Amend­ed Land and Envi­ron­ment Court Practices


The Chief Judge of the Land and Envi­ron­ment Court has issued new prac­tice direc­tions for poli­cies aimed at stream­lin­ing mer­it appeals.

Mul­ti­ple adjourn­ments of con­cil­i­a­tion con­fer­ences with par­ties slow­ly mean­der­ing in an effort to reach agree­ment will no longer be per­mit­ted. If appli­cants wish to rely on amend­ed plans at a con­cil­i­a­tion, they will need to pro­vide them to Coun­cil 14 days before the con­cil­i­a­tion date, with Coun­cil then pro­vid­ing a response and draft con­di­tions 7 days before the con­cil­i­a­tion. Short adjourn­ments of no more than 3 weeks will be allowed to give effect to an in prin­ci­ple agree­ment. Fail­ing that, con­cil­i­a­tions will be ter­mi­nat­ed with the pro­ceed­ings prompt­ly list­ed for hearing.

The need for con­cil­i­at­ing par­ties to have pow­er to enter agree­ments will be strength­ened under direc­tions to be made for the car­riage of pro­ceed­ings. Also, the Court has flagged a tougher approach to timetable breach­es, includ­ing late run­ning expert reports.

The changes take effect from 27 March 2017.

The Chief Judge of the Land and Envi­ron­ment Court has revised and updat­ed prac­tice notes and poli­cies concerning:

  • class 1 devel­op­ment appeals (devel­op­ment appli­ca­tions and s96 modifications);

  • class 1, 2 and 3 mis­cel­la­neous appeals (orders, build­ing cer­tifi­cates and a vari­ety of less fre­quent road, swim­ming pool, her­itage, envi­ron­men­tal and veg­e­ta­tion type appeals); and

  • sec­tion 34 con­cil­i­a­tion conferences.

The changes take effect from Mon­day 27 March 2017. The intent of the changes relates to stream­lin­ing Court processes.

Con­cil­i­a­tion Con­fer­ence Pol­i­cy Changes

Appli­cants who intend to pro­vide amend­ed plans or addi­tion­al infor­ma­tion for the Coun­cil’s con­sid­er­a­tion are to do so 14 days before the con­cil­i­a­tion conference.

Coun­cils are to pro­vide a response to the amend­ed plans / addi­tion­al infor­ma­tion and draft con­di­tions by 7 days before the con­cil­i­a­tion conference.

Con­cil­i­a­tions will only be adjourned if the Com­mis­sion­er is sat­is­fied that there is good rea­son to do so. Usu­al­ly, an adjourn­ment will only be grant­ed if the par­ties have realised an agree­ment in prin­ci­ple and where a short peri­od of no more than 3 weeks is required for plans and con­di­tions to be pre­pared to finalise the agree­ment. This aspect of the pol­i­cy for­malis­es an approach to con­cil­i­a­tion con­fer­ences adopt­ed by the Court since late 2016.

Devel­op­ment Appeals

Par­ties will be required to nom­i­nate the iden­ti­ty of experts when seek­ing direc­tions to list the mat­ter for a con­test­ed hear­ing. The Court’s direc­tions will list the experts to give evi­dence and whether they are to pre­pare indi­vid­ual or joint reports. No oth­er experts may give evi­dence unless the Court makes addi­tion­al direc­tions allow­ing such.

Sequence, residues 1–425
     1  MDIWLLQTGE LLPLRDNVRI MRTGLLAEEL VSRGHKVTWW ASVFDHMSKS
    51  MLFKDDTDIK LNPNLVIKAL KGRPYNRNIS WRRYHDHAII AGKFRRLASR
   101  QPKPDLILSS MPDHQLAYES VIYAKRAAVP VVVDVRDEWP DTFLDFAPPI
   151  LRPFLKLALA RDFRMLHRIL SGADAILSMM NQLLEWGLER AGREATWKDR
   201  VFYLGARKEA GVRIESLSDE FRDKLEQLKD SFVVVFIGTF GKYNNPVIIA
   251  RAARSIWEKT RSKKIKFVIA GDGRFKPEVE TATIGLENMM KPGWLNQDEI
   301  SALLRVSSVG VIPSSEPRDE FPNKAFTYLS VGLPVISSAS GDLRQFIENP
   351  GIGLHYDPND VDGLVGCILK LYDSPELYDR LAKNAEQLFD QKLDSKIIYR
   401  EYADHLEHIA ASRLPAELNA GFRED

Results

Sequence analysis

As now, the first direc­tions hear­ing will be set 28 days after the appeal is filed. Con­cil­i­a­tion con­fer­ences will be set with­in 28 days of the first direc­tions hear­ing sub­ject to the avail­abil­i­ty of the Court. We note that based upon the Court’s present work­load, con­cil­i­a­tion con­fer­ences are present­ly being set some 80 – 90 days after the first direc­tions hear­ing. New stream­lined process­es should assist reduc­ing that lag time.

Usu­al direc­tions made in rela­tion to con­cil­i­a­tion con­fer­ences will require the par­ties to have author­i­ty (or ready means of obtain­ing author­i­ty) to reach an agree­ment. Usu­al direc­tions will also be made for the pro­vi­sion of infor­ma­tion, respons­es and draft con­di­tions as detailed above in the Con­cil­i­a­tion Con­fer­ence Pol­i­cy changes.

The prac­tice note estab­lish­es a tougher approach to breach­ing timetable require­ments includ­ing but not lim­it­ed to the fil­ing of expert reports. Fail­ing a timetable vari­a­tion being made by the Online Court, a default­ing par­ty that can­not rec­ti­fy a breach with­in 2 days of the due date must relist the mat­ter before the Court and pro­vide an affi­davit explain­ing the non com­pli­ance. Costs orders for a breach may be ordered.

Mis­cel­la­neous Appeals

The Court’s ear­li­er ver­sion of the prac­tice note for mis­cel­la­neous appeals was silent as to which par­ty should pre­pare the State­ment of Facts and Con­tentions and when it should be pre­pared. The new ver­sion makes clear that the appli­cant is to pre­pare the state­ment, oth­er than for pro­ceed­ings con­cern­ing orders under the Envi­ron­men­tal Plan­ning and Assess­ment Act 1979 and Part 3A projects, in which case the respon­dent is to pre­pare the state­ment. The State­ment must be filed 3 work­ing days before the direc­tions hearing.

Changes made to the Devel­op­ment Appeals prac­tice note con­cern­ing con­cil­i­a­tion con­fer­ences, expert evi­dence and timetable breach­es have been sim­i­lar­ly incor­po­rat­ed into the Mis­cel­la­neous Appeals prac­tice note.

More Infor­ma­tion?

Copies of the prac­tice notes and pol­i­cy are avail­able on the Court’s web­site. If you would like to dis­cuss any aspect of the new pro­ce­dures includ­ing how it might affect cur­rent projects or appeal pro­ceed­ings you are involved with, please con­tact Col­in McFadzean.